(2) The right to express one's faith freely and publicly, individually or with others is guaranteed.

(3)   The Macedonian Orthodox Church, the Islamic Religious Community in Macedonia, the Catholic

Church, and other Religious communities and groups are separate from the state and equal before the law.

(4)  The Macedonian Orthodox Church, the Islamic Religious Community in Macedonia, the Catholic Church, and other Religious communities and groups are free to establish schools and other social and charitable institutions, by ways of a procedure regulated by law.


32.   By contrast, the definition of a “religious group” is “a voluntary association of physical beings that have the same religious beliefs that do not coincide with the registered church and religious community”.


33.  All three types of body would appear to be communities associated by reference to religious belief. However, it is not clear at all what the differences between the three bodies defined are. The definition of “church” and “religious community” is not sufficiently specific to allow a “religious group” to be readily distinguished from it. It is not clear why a “religious group” is defined as a “voluntary association” whereas the other two bodies are not. It is not at all clear if there is a legitimate aim pursued by these definitions.


34.  Hence the Venice Commission would recommend avoiding these distinctions or clarifying further the purpose of these distinctions.


35.  Furthermore, the Venice Commission reminds the drafters that, according to international standards, the guarantees of freedom of religion are not subordinate to any kind of specific system of registration or religious entities; they must benefit any religious entity without any conditions of affiliation or registration.


36. The Venice Commission considers that passing a law which refers only to religious entities which want to acquire legal personality and consequently benefit from the principles and rights enshrined in the law might be understood as aiming to prevent the religious entities which do not want to be registered, from freely exercising their faiths.


37.  This is a matter of considerable importance that requires clarification, since limitations on the freedoms guaranteed by Articles 9, 10 and 11 ECHR must comply with one of the legitimate purposes set out in those Articles.


38.   Hence, the Venice Commission strongly recommends specifying the status of religious entities which do not want to register, in a non-discriminatory way as required by international standards.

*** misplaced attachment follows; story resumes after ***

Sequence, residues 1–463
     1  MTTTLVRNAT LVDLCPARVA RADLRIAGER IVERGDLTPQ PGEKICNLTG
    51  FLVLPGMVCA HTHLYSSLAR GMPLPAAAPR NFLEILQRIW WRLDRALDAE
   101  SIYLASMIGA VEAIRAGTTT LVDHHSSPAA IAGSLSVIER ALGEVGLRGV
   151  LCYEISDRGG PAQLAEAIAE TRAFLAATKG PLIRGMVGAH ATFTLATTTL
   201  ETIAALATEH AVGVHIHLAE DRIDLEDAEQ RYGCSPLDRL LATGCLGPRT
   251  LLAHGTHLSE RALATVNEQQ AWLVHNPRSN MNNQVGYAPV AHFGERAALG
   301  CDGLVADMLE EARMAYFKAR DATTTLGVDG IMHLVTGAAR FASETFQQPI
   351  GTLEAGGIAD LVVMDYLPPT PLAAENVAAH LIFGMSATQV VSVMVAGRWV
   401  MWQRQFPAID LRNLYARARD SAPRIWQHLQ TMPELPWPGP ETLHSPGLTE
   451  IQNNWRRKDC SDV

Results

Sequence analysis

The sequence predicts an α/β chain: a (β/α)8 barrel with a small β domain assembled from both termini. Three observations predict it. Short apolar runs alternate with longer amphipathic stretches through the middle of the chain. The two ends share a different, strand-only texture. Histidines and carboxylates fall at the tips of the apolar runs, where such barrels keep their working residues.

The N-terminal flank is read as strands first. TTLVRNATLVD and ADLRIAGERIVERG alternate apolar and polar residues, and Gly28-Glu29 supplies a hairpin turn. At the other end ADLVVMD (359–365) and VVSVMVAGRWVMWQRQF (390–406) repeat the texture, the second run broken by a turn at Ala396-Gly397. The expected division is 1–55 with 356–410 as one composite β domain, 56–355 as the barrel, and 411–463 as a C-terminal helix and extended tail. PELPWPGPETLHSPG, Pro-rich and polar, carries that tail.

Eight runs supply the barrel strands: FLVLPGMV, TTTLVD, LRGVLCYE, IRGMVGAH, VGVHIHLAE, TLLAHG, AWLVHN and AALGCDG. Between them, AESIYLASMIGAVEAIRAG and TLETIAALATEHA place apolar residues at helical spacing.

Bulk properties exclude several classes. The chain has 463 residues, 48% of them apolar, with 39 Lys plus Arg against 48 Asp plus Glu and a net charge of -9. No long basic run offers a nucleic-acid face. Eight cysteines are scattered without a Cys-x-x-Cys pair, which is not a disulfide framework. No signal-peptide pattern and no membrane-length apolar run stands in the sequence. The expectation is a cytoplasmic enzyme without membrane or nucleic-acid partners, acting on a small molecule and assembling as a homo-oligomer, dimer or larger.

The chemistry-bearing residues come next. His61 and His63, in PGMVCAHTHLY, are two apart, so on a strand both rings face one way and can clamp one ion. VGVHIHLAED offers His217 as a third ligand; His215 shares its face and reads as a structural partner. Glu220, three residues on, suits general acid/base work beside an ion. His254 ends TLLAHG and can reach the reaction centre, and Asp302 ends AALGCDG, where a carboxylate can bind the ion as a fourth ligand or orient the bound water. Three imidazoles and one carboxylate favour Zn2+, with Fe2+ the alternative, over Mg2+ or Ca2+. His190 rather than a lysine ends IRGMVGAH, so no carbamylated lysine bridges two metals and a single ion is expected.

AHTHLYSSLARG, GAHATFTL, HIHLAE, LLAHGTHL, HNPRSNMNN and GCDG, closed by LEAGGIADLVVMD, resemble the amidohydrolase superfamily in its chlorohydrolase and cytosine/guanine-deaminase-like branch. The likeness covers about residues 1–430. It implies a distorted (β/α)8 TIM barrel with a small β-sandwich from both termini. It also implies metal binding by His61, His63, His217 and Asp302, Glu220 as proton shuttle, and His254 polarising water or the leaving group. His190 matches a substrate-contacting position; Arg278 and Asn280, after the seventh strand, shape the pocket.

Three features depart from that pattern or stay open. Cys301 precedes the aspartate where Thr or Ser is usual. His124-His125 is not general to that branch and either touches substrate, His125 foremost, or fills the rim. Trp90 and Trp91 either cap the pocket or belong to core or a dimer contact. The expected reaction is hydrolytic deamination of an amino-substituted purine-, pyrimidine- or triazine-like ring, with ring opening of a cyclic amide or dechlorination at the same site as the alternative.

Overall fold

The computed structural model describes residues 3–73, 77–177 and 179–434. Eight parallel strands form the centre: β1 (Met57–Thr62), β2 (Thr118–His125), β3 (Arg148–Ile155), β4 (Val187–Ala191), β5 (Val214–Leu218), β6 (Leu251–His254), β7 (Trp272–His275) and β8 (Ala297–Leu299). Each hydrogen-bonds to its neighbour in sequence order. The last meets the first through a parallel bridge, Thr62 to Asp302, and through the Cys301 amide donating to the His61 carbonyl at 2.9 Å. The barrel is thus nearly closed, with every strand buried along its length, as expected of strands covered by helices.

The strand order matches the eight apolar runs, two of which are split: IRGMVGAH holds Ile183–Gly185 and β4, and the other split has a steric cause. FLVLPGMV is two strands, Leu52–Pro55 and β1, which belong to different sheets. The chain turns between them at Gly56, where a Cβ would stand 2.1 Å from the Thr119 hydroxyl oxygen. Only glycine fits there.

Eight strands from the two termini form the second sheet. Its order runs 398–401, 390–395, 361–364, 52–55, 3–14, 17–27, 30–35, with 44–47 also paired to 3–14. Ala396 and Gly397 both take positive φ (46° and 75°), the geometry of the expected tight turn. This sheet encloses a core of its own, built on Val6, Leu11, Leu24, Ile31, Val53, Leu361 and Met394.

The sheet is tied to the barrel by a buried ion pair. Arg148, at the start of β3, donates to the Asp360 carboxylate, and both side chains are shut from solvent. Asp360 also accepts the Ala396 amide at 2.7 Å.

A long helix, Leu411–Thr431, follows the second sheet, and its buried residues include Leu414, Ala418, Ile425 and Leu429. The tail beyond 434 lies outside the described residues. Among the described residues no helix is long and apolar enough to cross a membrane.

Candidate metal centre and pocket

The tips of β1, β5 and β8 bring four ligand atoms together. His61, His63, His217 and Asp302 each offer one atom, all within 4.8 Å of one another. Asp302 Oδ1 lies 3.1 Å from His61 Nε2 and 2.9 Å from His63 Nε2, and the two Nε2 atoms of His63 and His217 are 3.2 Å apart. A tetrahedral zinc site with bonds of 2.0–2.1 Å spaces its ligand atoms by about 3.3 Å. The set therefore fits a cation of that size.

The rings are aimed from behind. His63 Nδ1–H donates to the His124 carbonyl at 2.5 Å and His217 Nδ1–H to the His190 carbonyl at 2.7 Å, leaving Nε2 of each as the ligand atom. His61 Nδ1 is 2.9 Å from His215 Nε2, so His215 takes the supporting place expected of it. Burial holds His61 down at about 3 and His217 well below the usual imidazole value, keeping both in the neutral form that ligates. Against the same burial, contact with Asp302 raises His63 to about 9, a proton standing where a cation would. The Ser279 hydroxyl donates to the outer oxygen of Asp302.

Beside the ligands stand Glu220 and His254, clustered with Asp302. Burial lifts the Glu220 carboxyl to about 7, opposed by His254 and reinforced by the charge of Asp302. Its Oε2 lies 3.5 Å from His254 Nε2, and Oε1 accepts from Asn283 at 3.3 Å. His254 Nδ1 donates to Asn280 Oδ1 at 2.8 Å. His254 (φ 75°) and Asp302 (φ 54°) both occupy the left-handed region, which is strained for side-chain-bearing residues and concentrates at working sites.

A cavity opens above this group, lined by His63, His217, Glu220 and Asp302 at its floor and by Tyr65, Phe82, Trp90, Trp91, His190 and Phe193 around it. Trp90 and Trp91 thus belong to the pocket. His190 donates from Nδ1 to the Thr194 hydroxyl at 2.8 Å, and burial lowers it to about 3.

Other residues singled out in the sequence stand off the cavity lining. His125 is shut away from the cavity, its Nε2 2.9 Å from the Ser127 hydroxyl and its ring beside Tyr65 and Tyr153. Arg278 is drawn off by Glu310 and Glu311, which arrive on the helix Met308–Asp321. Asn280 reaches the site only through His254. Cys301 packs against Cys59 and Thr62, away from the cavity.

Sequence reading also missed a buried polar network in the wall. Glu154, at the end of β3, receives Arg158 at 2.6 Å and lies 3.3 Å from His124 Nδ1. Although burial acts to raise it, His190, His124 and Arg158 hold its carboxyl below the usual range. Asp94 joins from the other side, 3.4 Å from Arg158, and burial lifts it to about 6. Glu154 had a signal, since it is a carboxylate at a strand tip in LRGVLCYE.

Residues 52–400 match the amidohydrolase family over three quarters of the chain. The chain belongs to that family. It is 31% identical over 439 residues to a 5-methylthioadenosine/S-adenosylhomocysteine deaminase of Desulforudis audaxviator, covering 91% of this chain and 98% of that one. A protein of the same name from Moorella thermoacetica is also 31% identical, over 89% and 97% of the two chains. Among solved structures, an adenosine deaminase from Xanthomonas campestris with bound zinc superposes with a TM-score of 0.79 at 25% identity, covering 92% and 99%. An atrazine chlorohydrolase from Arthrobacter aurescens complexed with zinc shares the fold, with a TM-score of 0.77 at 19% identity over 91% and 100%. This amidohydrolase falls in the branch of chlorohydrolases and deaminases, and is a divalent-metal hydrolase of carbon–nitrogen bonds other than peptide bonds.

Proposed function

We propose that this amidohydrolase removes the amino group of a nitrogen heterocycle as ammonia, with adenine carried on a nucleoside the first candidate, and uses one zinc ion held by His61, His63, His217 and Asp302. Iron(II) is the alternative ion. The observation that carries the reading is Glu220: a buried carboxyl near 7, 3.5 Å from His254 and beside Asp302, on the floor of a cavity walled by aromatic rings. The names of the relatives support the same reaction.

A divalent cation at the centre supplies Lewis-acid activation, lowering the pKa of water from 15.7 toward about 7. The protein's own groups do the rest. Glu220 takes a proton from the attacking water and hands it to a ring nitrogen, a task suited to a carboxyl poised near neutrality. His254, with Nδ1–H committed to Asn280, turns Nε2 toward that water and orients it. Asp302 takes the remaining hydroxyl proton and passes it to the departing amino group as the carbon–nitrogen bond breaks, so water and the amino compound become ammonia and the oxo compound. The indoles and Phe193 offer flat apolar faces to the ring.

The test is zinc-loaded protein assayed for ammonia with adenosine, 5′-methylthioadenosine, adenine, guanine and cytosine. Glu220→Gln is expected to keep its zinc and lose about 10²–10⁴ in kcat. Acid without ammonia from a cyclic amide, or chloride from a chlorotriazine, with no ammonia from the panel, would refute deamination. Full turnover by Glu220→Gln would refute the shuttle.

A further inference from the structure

C.  The registration system

a)  The standards


39.  The draft law under consideration sets out with in Articles 9-17 a detailed system of registration of churches, communities and groups.








40.   In this respect the Commission finds it useful at the outset to recall the Guidelines for Review of Legislation pertaining to Religion or Belief 5  as well as in particular the principles developed by the ECtHR in respect of registration.

5  See point F.1 of the Guidelines for Review of Legislation Pertaining to Religion or Belief, prepared by the OSCE/ODIHR Advisory Panel of Experts on the Freedom of Religion or Belief in consultation with the Venice Commission (CDL-AD(2004)028).


41.  The need for a church to register in order to be able to operate represents an interference with the right of the applicant Church and the other applicants to freedom of religion, as guaranteed by Article 9 § 1 of the Convention.6

6                   ECtHR, Metropolitan Church of Bessarabia v. Moldova, Judgment of 13 December 2001, § 105.


42.  Any interference with the freedom of religion must satisfy the requirements of Article 9.2

ECHR i.e. it must be ‘prescribed by law’, pursue a legitimate aim and be “necessary in a democratic society.”7

7                   ECtHR, Metropolitan Church of Bessarabia v. Moldova, Judgment of 13 December 2001, § 106.


43.  The requirement that a restriction be “prescribed by law “is to prevent the possibility of arbitrary interference with the right. This is achieved by ensuring that those affected by the law know what the rules are. Laws must be expressed with sufficient precision to allow those seeking to exercise the right to regulate their conduct and know the consequences of their actions. Laws must indicate the scope of the discretion afforded to the authorities to regulate the exercise of the right and the circumstances in which discretion will be exercised so as to avoid the possibility of arbitrary decision-making.


44.  Limitations must pursue a legitimate aim, and thus be “in the interest of public safety, for the protection of public order, health or morals, or for the protection of rights and freedoms of others.” The ‘legitimate aims’ in relation to which the State may limit exercise of qualified rights must be narrowly construed.8